Machine learning has achieved stunning breakthroughs in a plethora of applications, ranging from language translations to image recognition and rendering. And who can ignore IBM Watson, the latest machine learning marvel out there? Technology is on its way to the next step of evolution in machines and machine learning probably has the biggest role to play.
Considering that machine leaning has been around since the 1950s, we are certainly intrigued as to what went right in the past few years that there have been so many innovations in the field. The answer to this is data. We live in an era of data abundance — around 90% of the world’s data has been created in the past three years alone. And this brings us to the topic at hand — statistics.
Statistics is integral to machine learning systems. In fact, you can go so far as to call machine learning a tertiary branch of statistics. Statistical analysis can be very helpful in establishing the motivations of a machine learning system and in validating the results yielded by the system.
In this post, we will look at four key statistics concepts that will help you get started with machine learning.
Statistical inference is the process of analyzing data to understand the underlying probability distribution. In simpler words, statistical inference is what you apply when you want to make sense of random data.
Take the example of buyer behavior on an e-commerce website. Customer-related data is riddled with several variables and uncertainties, which in turn make it almost impossible to understand what led the customer to purchase a product in the first place. The methods you apply to make observations and sample the data again introduce a lot of variables to the already random data.
This is where statistical inference comes into play. The collected data is sampled into neat models based on mutually shared properties, on the basis of which predictions are made about the problem at hand (buyer behavior, in this case).
A statistical population is a set of entities that share a property or a set of properties; that is, it is a set of similar (not identical, mind you) items or events. When we work with data, we are, in fact, working with a sample taken from the data population. While working on a prediction problem, we work with the sample data in a manner that characterizes the entire data population so that there is minimal deviation in the prediction when working with other sample data from the population.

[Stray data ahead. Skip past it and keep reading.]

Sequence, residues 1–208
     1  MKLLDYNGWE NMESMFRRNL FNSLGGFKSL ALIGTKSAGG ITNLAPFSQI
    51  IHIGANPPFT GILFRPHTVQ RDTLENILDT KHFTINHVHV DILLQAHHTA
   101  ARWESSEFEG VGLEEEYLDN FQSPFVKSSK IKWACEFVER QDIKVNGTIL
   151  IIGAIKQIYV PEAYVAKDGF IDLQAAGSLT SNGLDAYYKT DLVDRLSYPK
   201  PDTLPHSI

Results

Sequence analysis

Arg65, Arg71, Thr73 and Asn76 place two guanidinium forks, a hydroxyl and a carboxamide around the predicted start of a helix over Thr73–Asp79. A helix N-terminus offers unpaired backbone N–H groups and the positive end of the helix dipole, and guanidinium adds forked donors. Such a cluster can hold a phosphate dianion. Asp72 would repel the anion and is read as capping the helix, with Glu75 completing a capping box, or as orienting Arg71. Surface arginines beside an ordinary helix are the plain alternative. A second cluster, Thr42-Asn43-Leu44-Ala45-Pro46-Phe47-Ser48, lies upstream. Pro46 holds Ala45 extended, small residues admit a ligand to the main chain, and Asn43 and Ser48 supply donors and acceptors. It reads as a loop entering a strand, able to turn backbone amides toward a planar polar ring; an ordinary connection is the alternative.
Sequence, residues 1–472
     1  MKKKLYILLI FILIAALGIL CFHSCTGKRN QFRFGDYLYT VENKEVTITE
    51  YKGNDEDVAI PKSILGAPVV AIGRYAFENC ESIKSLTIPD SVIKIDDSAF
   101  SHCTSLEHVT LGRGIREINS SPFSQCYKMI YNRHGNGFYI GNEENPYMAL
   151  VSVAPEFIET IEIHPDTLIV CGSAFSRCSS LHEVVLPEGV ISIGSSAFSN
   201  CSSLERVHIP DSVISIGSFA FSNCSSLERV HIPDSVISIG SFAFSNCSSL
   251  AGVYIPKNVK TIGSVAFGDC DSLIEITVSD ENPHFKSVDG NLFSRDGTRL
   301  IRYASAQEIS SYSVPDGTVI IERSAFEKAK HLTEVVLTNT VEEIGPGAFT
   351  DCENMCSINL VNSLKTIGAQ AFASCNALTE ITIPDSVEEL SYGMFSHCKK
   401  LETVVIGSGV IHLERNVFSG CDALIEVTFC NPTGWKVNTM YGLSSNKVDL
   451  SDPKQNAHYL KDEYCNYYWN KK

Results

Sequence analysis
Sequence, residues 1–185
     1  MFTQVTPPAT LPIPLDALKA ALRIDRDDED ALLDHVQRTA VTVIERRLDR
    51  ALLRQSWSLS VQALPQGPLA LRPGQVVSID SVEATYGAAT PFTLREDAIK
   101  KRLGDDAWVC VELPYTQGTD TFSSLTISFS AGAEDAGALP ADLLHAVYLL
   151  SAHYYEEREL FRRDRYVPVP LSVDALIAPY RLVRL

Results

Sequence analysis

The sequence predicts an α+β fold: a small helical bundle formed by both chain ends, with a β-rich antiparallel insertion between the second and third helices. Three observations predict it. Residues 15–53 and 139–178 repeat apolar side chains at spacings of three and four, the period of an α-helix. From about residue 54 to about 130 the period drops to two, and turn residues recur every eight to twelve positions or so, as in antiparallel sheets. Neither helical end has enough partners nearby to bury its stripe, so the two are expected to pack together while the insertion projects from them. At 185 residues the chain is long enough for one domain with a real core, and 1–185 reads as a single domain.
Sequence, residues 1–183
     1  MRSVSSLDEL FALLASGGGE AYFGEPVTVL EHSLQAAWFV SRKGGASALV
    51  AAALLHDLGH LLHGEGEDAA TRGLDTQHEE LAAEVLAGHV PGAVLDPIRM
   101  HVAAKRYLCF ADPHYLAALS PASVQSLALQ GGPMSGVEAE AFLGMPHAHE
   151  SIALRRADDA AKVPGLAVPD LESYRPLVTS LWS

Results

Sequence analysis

This means that the selection and sampling of data must be done with utmost care, as the size and quality of the sample may affect the overall characterization of the data population and the consequent findings. Also, remember to take into account the randomness introduced in the data collection stage and manage, correcting or even manipulating it accordingly.
There’s a common misconception that big data does away with the process of data sampling, that you can work with the entire data population. However, this is dangerous thinking. Imagine you are modeling employee data for a manufacturing business. The data that you’ll be working on is, of course, a sample and not the entire population, since your modeling won’t stop new employees from joining the business, thereby reducing your data repository to a mere sample.
This is why you must always avoid overgeneralizing results and making claims beyond the data you’ve worked on. For example, the trends of all Facebook users cannot represent the trends of all humans.
What big data helps with is, however, a different matter altogether. It aids the modeling of individual entities (one customer, one employee, etc.) using all the data collected till date on that entity. This, in turn, opens up exciting new avenues in the world of research and analysis.
A statistical model is a smaller, representative version of the actual data. It is filled with assumptions and is a rather crude simplification of the data population. It is always wrong, just as miniature models of bridges or buildings are, but it does give you a basic idea of what the actual data looks like. It describes the relation between several data attributes, so you at least know how to look at the actual data and make sense out of it.
Statistical models vary in their degree of complexity; the more complex a model is the closer it is to the actual data and the harder it is to understand. For this reason, it is always a good idea to start with a simpler model and increase the complexity as per your requirements.
Statistics for Machine Learning
If this article piqued your interest and made you want to leverage statistics to build effective and responsive machine learning models, Statistics for Machine Learning is what you need. It takes you through all you need to know to perform complex statistical computations required for machine learning, including supervised learning, unsupervised learning, reinforcement learning, and more.
Written by Pratap Dangeti, the book follows a practical step-by-step approach to explain statistics and machine learning fundamentals. Pratap Dangeti is a machine learning expert who spends most of his time developing machine learning and deep learning solutions for structured, image, and text data.
So, if you are developer keen on brushing up your statistics and implementing machine learning in your systems, Statistics for Machine Learning is the go-to book for you!
To check out the book: Click on the Image 🙂. For other updates you can follow me on Twitter on my twitter handle @NavRudraSambyal
Happy (machine) learning!
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